Verbs of wishing like hopen'to hope', wensen'to wish', and willen'to want' are only compatible with declarative argument clauses, irrespective of whether the sentence they head is declarative, interrogative or negative. This is illustrated in (55) for the verb hopen.

Example 55
a. Jan hoopt [dat/*of Marie morgen komt].
  Jan hopes  that/whether  Marie tomorrow  comes
  'Jan hopes that Marie will come tomorrow.'
b. Hoopt Jan [dat/*of Marie morgen komt]?
  hopes  Jan  that/whether  Marie tomorrow  comes
  'Does Jan hope that Marie will come tomorrow?'
c. Jan hoopt niet [dat/*of Marie morgen komt].
  Jan hopes  not  that/whether  Marie tomorrow  comes
  'Jan doesnʼt hope that Marie will come tomorrow.'
[+]  VI.  Subject experiencer verbs

The primeless examples in (56) show that verbs like betreuren'to regret' or waarderen'to appreciate', which select an experiencer subject, take declarative object clauses; interrogative clauses are excluded. The primed examples show that interrogative object clauses are also excluded when the matrix clause is interrogative or negative. For the benefit of the discussion that will follow in Section 5.1.2.3 it should be pointed out that the object clauses in the primeless examples are introduced by the anticipatory pronoun het'it'.

Example 56
a. Jan betreurde het [dat/*of hij niet kon komen].
  Jan regretted  it  that/whether  he  not  could  come
  'Jan regretted it that he couldnʼt come.'
a'. Heeft Jan het betreurd [dat/*of hij niet kon komen]?
  has  Jan it  regretted  that/whether  he  not  could  come
  'Did Jan regret it that he couldnʼt come?'
a''. Jan betreurde het niet [dat/*of hij niet kon komen].
  Jan regretted  it  not  that/whether  he  not  could  come
  'Jan didnʼt regret it that he couldnʼt come.'
b. Peter waardeerde het [dat/*of Els hem wou helpen].
  Peter appreciated  it  that/whether  Els him  wanted  help
  'Peter appreciated it that Els was willing to help him.'
b'. Heeft Peter het gewaardeerd [dat/*of Els hem wou helpen]?
  has  Peter  it  appreciated  that/whether  Els him  wanted  help
  'Did Peter appreciate it that Els was willing to help him?'
b''. Peter waardeerde het niet [dat/*of Els hem wou helpen].
  Peter appreciated  it  not  that/whether  Els him  wanted  help
  'Peter didnʼt appreciate it that Els was willing to help him.'

Haeseryn et al. (1997:1155) have claimed that subject experiencer verbs like betreuren may also take an object clause introduced by the conditional complementizer als'if'; some potential cases are given in (57). Section 5.1.2.2 will show, however, that there are reasons for rejecting this claim.

Example 57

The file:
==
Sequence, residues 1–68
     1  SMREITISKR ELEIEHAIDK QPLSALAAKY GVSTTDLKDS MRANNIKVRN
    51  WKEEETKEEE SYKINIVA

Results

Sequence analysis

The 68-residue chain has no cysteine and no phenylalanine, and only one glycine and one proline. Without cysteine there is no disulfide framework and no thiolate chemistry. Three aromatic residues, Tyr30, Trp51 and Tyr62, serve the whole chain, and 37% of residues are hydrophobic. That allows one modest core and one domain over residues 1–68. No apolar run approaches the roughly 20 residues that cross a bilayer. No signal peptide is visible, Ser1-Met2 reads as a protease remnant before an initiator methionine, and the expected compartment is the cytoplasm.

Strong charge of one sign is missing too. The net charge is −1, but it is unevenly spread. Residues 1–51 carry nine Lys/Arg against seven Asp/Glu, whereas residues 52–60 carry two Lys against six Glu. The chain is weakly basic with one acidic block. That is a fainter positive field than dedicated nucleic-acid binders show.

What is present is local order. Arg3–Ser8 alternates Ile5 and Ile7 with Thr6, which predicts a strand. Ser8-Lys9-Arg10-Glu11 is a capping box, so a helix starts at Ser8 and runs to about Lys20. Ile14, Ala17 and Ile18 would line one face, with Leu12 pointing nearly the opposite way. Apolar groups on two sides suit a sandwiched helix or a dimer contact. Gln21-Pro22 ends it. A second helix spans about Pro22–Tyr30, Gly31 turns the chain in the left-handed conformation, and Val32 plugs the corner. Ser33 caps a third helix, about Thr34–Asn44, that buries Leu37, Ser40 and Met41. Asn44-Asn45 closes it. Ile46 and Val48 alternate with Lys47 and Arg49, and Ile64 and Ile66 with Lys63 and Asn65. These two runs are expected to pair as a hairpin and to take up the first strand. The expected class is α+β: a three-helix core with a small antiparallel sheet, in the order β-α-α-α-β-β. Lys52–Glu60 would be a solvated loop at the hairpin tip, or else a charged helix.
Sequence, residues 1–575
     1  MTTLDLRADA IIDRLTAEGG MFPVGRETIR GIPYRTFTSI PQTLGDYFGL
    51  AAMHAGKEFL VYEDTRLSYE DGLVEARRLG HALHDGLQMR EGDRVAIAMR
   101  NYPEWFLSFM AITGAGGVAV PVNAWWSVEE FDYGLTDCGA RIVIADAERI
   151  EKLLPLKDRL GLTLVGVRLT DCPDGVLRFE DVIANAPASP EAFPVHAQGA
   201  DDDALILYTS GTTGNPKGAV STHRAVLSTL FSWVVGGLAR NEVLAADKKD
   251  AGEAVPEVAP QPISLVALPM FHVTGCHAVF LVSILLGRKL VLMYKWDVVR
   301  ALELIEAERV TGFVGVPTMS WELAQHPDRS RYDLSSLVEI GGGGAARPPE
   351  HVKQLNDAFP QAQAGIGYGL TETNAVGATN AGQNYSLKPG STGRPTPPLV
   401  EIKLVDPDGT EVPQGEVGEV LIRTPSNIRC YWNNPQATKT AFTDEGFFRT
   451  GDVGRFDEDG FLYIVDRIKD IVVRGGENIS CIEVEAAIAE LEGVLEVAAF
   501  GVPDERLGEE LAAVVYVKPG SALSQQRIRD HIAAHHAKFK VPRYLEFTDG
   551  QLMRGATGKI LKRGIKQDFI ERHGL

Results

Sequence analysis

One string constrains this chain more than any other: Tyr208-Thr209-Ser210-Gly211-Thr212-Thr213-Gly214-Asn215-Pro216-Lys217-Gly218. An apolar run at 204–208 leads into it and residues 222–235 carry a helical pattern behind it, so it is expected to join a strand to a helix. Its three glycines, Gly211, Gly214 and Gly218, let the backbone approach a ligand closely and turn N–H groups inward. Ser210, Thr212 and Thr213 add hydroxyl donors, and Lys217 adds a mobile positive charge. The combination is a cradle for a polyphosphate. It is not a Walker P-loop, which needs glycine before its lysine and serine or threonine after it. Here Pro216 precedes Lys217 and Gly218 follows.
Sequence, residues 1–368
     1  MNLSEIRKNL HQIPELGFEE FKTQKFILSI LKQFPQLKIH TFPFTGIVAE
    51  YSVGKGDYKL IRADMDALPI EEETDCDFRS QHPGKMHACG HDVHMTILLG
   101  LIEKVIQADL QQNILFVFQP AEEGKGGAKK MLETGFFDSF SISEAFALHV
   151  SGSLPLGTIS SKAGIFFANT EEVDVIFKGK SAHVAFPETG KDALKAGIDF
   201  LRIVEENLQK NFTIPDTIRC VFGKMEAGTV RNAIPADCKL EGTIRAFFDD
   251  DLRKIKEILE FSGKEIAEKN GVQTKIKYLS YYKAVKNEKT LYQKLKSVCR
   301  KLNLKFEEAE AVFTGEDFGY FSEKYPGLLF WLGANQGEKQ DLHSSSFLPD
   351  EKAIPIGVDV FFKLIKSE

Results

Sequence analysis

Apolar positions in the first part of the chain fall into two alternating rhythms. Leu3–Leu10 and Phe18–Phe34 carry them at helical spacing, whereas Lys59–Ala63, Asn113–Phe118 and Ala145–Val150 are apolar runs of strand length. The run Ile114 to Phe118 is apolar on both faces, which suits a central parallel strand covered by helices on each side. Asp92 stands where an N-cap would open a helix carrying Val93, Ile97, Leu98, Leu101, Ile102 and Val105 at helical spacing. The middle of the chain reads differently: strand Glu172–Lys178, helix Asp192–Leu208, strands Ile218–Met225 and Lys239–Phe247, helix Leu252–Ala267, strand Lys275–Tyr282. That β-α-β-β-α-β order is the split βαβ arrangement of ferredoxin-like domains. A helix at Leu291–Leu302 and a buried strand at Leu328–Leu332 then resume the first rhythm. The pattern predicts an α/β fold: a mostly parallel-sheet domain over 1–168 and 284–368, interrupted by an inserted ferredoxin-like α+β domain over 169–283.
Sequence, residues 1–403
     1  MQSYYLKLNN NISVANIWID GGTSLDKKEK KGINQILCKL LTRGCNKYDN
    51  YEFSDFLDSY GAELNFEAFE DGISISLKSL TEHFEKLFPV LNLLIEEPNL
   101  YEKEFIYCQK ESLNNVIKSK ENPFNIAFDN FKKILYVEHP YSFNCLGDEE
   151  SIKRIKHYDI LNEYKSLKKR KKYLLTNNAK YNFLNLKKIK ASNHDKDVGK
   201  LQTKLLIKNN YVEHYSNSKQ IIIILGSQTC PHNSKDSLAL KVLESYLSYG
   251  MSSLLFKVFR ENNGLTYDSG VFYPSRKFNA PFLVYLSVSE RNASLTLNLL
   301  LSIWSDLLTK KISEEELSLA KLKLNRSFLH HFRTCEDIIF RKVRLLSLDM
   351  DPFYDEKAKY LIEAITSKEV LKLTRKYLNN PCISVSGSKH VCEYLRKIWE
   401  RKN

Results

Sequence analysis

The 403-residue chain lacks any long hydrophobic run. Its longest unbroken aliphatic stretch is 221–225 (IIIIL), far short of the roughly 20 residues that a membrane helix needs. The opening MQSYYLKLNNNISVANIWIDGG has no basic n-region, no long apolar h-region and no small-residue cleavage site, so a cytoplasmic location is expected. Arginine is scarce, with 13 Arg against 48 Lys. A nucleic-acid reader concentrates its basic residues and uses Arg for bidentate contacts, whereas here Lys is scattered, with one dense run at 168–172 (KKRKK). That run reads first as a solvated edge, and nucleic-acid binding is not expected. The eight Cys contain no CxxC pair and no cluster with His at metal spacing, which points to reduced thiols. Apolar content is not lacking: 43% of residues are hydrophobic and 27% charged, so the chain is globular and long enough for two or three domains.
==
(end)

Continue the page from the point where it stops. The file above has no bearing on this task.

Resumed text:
a. Jan zou het betreuren [als hij niet kan komen].
  Jan would  it  regret   if  he  not  can  come
  'Jan would regret it if he couldnʼt come.'
b. Jan waardeert het zeer [als Els hem wil helpen].
  Jan appreciates  it  a.lot   if  Els him  want  help
  'Jan really appreciates it if Els is willing to help him.'
[+]  VII.  Finite object clauses that function as the subject of a complementive

Finite object clauses occur not only as internal arguments of verbs, but also as subjects of complementives, that is, in vinden- and resultative constructions. The examples in (58) show that clause-final object clauses in vinden-constructions are normally introduced by the anticipatory pronoun het; omission of the pronoun results in a degraded result. It should be noted, however, that the pronoun is optional if the complementive is topicalized, and even excluded if the object clause is topicalized; see Section 5.1.2.2 for a discussion of topicalization of object clauses and Section 5.1.3 for a discussion of similar behavior of subject clauses.

Example 58
Vinden-construction
a. Jan vindt *(het) leuk [dat Marie morgen komt].
  Jan considers     it  nice   that  Marie tomorrow  comes
  'Jan considers it nice that Marie will come tomorrow.'
a'. Leuk vindt Jan (het) [dat Marie morgen komt].
a''. [Dat Marie morgen komt] vindt Jan (*het) leuk].
b. Peter vond *(het) interessant [dat de bal zonk].
  Peter  considered     it  interesting   that  the ball  sank
  'Peter considered it interesting that the ball sank.'
b'. Interessant vond Jan (het) [dat de bal zonk].
b''. [Dat de bal zonk] vond Jan (*het) interessant.

The primeless examples in (59) show that, in contrast to what we found in the vinden-construction, the anticipatory pronoun in resultative constructions can normally readily be omitted. The primed examples show that the vinden- and resultative construction behave in a similar fashion when the complementive or the object clause is topicalized.

Example 59
Resultative construction
a. Marie maakte (het) bekend [dat er een reorganisatie komt].
  Marie made   it  known   that  there  a reorganization  comes
  'Marie made it known that there will be reorganization.'
a'. Bekend maakte Marie (het) [dat er een reorganisatie komt].
a''. [Dat er een reorganisatie komt] maakte Marie (*het) bekend.
b. Jan hield (het) verborgen [dat hij ontslagen zou worden].
  Jan kept  it  hidden   that  he  fired  would  become
  'Jan kept it a secret that he would be fired.'
b'. Verborgen hield Jan (het) [dat hij ontslagen zou worden].
b''. [Dat hij ontslagen zou worden] hield Jan (*het) verborgen.
[+]  VIII.  Conclusion

The previous subsections have shown that the choice between declarative and interrogative object clauses is not simply a matter of lexical selection by the matrix verb. Specifically, it has been shown that question formation and negation may license interrogative object clauses with a subset of the matrix verbs taking declarative object clauses in positive declarative clauses.

References:
  • Haeseryn, Walter, Romijn, Kirsten, Geerts, Guido, Rooij, Jaap de & Toorn, Maarten C. van den1997Algemene Nederlandse spraakkunstGroningenNijhoff